By Bhavana M.
The Bureau of Indian Standards (BIS) on November 20, 2020 established standards for personal data protection for businesses in India to adopt. The BIS is India’s national standards body. The Data Privacy Assurance standard — IS 17428 — was published to promote the standardization of practice in protecting personal data for businesses that deal with the collection and processing of individual information. The standard is available to download from BSB Edge; we are not linking to a copy as reproduction is prohibited.
Businesses have so far developed and adopted their own standards and practices to protect user data. The standards released by BIS seek to facilitate a consistent and approved practice of protecting personal data. Businesses might be interested in the standards given that BIS standards are generally accepted in other industries and are often used by the government to evaluate compliance. In formulating the requirements, experts from relevant industries, academia and the government have been consulted (see full list of entities below).
IS 17428 provides for requirements that a business must comply with in order to promote an effective Data Privacy Management System. However, it is only complementary to the regulatory framework applicable for personal data protection and does not apply to businesses that process Non Personal Data. Given that India’s Personal Data Protection Bill has not yet been passed by Parliament, this standard may well be the closest there is to a reference point for businesses. The standard can be adopted by both data processors and data controllers.
The BIS has also published in a separate document the guidance to IS17428 which provides additional details on how business can be compliant with the standards. However, businesses must comply with part 1 of the standard to be fully compliant with the BIS Standards.
Key features of the Data Privacy Assurance standard — IS 17428
The standard prescribes that businesses must develop their privacy requirements based on the product/service/solution they provide. Such privacy requirements must be developed in view of applicable laws and regulations. Further, the basis for collecting and processing data must be based on recognized privacy principles such as lawfulness, fairness, transparency, accuracy, purpose limitation, storage limitation and data minimization. Additionally the businesses must also ensure adequate security controls are adopted to ensure protection of the collected personal data and also imposes transfer restrictions.
The standard suggests that entities must enable a data privacy function (DPF). The DPF will be an independent structure within the business entity which will exercise oversight on how personal information is processed and privacy controls are managed. It also provides for a data privacy management system (DPMS) that will guide the business in implementing the privacy requirements. The DPMS will clearly lay out the criteria for classifying information, procedure to introduce processing of new personal data elements and such other requirements. The business must take reasonable measures in periodically evaluating and updating the DPMS.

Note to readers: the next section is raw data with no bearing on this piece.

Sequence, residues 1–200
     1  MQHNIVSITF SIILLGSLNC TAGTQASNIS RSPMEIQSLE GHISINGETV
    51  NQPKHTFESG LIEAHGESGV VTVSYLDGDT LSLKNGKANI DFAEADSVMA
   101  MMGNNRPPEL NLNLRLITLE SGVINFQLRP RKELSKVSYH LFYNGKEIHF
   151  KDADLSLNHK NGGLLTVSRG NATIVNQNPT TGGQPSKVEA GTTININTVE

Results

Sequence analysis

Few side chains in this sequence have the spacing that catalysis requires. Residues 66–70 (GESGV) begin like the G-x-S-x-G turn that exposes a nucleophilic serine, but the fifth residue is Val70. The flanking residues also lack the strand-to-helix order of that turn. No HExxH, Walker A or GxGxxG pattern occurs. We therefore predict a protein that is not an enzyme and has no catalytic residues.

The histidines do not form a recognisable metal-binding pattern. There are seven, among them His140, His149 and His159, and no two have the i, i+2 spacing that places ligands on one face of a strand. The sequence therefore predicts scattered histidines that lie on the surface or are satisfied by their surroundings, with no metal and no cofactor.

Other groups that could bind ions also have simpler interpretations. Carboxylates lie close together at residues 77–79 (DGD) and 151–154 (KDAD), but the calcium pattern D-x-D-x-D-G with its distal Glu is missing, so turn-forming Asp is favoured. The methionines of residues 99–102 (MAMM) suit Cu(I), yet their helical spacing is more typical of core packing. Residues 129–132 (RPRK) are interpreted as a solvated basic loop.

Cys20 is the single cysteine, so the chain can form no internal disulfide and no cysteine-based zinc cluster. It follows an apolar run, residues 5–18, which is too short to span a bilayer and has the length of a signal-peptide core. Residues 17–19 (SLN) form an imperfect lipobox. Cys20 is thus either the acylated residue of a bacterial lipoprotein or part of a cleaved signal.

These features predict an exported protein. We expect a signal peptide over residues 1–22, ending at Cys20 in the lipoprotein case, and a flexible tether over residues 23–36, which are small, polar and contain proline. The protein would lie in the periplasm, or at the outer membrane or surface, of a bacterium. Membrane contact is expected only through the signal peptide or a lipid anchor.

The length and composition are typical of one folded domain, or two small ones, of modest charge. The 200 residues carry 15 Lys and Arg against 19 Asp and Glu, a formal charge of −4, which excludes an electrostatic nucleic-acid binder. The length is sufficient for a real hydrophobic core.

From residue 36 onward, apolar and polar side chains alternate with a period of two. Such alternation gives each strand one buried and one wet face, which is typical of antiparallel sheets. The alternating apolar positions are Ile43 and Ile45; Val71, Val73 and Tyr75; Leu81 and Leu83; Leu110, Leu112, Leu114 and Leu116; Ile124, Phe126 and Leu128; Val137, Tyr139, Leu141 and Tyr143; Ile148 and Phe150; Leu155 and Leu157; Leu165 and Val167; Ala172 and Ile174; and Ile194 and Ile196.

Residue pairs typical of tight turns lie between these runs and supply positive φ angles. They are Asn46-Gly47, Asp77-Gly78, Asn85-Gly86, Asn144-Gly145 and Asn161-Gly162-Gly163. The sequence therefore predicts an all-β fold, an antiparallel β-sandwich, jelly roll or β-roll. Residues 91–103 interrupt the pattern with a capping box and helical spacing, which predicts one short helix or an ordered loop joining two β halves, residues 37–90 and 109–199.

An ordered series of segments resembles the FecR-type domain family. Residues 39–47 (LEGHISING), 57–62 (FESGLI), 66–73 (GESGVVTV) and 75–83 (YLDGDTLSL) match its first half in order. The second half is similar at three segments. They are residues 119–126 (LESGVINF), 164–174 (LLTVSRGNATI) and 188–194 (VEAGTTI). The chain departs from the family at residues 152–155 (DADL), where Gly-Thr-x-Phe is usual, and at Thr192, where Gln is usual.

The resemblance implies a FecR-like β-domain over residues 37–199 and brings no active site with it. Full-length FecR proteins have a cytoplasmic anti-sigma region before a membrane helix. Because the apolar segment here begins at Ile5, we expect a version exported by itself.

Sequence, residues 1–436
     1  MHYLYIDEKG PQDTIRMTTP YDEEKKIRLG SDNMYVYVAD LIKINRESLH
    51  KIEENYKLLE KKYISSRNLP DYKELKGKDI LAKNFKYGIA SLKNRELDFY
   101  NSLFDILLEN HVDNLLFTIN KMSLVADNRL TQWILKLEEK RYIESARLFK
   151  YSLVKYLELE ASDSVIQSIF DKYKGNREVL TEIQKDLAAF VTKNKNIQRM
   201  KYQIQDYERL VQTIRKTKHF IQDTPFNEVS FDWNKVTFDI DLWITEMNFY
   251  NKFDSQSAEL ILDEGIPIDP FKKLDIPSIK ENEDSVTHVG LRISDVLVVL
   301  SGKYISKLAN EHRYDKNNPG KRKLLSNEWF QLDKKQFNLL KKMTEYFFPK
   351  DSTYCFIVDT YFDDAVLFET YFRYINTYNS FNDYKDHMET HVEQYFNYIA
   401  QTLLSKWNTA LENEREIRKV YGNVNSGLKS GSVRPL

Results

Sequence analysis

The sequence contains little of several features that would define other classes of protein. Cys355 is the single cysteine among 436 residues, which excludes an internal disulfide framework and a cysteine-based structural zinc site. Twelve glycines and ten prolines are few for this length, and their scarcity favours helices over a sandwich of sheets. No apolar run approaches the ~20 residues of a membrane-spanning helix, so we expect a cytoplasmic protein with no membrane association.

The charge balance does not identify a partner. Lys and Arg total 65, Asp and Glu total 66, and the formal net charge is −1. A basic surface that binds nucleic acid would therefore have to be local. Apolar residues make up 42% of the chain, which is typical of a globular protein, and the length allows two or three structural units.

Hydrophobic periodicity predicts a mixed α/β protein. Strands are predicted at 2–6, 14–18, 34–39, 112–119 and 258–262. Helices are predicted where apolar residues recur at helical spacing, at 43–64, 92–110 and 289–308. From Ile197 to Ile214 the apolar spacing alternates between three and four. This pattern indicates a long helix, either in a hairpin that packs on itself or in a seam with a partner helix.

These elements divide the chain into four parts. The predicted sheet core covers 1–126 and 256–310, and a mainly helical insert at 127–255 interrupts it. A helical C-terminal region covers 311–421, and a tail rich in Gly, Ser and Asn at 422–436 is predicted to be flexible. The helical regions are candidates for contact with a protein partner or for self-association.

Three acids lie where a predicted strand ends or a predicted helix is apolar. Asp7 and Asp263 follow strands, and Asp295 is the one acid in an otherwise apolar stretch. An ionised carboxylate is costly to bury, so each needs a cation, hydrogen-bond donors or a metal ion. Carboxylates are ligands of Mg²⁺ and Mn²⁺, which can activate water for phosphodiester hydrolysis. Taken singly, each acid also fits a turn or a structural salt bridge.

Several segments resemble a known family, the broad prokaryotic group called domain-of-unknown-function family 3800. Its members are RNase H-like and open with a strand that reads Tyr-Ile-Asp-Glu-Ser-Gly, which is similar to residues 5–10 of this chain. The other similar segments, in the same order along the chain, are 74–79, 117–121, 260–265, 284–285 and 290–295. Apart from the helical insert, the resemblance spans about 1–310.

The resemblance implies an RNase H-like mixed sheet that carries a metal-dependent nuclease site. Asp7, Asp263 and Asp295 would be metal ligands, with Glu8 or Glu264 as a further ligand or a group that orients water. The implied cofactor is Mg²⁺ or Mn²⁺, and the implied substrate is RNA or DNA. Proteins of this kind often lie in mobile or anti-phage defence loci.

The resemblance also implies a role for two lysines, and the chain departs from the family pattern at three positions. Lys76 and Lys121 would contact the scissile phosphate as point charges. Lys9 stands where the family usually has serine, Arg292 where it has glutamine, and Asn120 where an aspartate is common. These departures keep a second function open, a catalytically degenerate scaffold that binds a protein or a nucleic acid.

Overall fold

The standard also provides for periodic privacy impact assessments that must be carried out by business. As and when the business perceives that a change in its practices could potentially affect privacy of the individuals, impact assessments must be carried out. Yet another significant requirement the standard prescribes is how data processors that process information on behalf of the data fiduciary must be periodically evaluated. The standard stipulates that data processors must be evaluated and any transfer of obligation can only take place contractually to mitigate risks of breach.
Businesses must specifically ensure that their staff and contractors are aware of the gravity of dealing with personal information and must be sensitized to adapt utmost care in dealing with the same. It must be ensured that there is adequate provision to trace and hold staff accountable in case there is breach of duty and care.
The standards might go a long way in charting out industry good practices for personal data protection at least until a regulatory framework is introduced. However, it remains to be seen if the standards will see widespread adoption in the absence of a regulatory mandate.
It is still a step in the right direction and definitely reassuring to see government agencies taking the issue of data protection seriously.
Who was consulted
The following organisations or people were consulted and involved in the development of the standards:
Ministry of Electronics & Information Technology; Bharat Electronics Limited; C-DAC; Centre for Internet & Society; Data Security Council of India; Department of Science and Technology; HCL; Indian Cellular & Electronics Association; Infosys; Dr. Gargi Keeni & Ms. Amutha Arunachalam; the Indian Statistical Institute; KCPIL; Larsen & Toubro; National Accreditation Board for Certification Bodies; Narnix Technolabs; NEC India Pvt Ltd; Oxygen Consulting Services Pvt Ltd; Patanjali Associates Pvt Ltd; Qualcomm India; ReBIT; Smart Chip Private Limited; Standardisation, Testing & Quality Certification (STQC); Tata Communications; Tata Consultancy Services; Telecommunication Engineering Centre (TEC), Department of Telecommunications; The Perspective (Rahul Sharma); the Unique Identification Authority of India; WYSE Biometrics Systems Pvt Ltd; BIS Directorate General; Reliance Jio, Genpact; and KPMG.
Bhavana M. is a Technology Law and Policy Fellow at Daksha Fellowship ’21.
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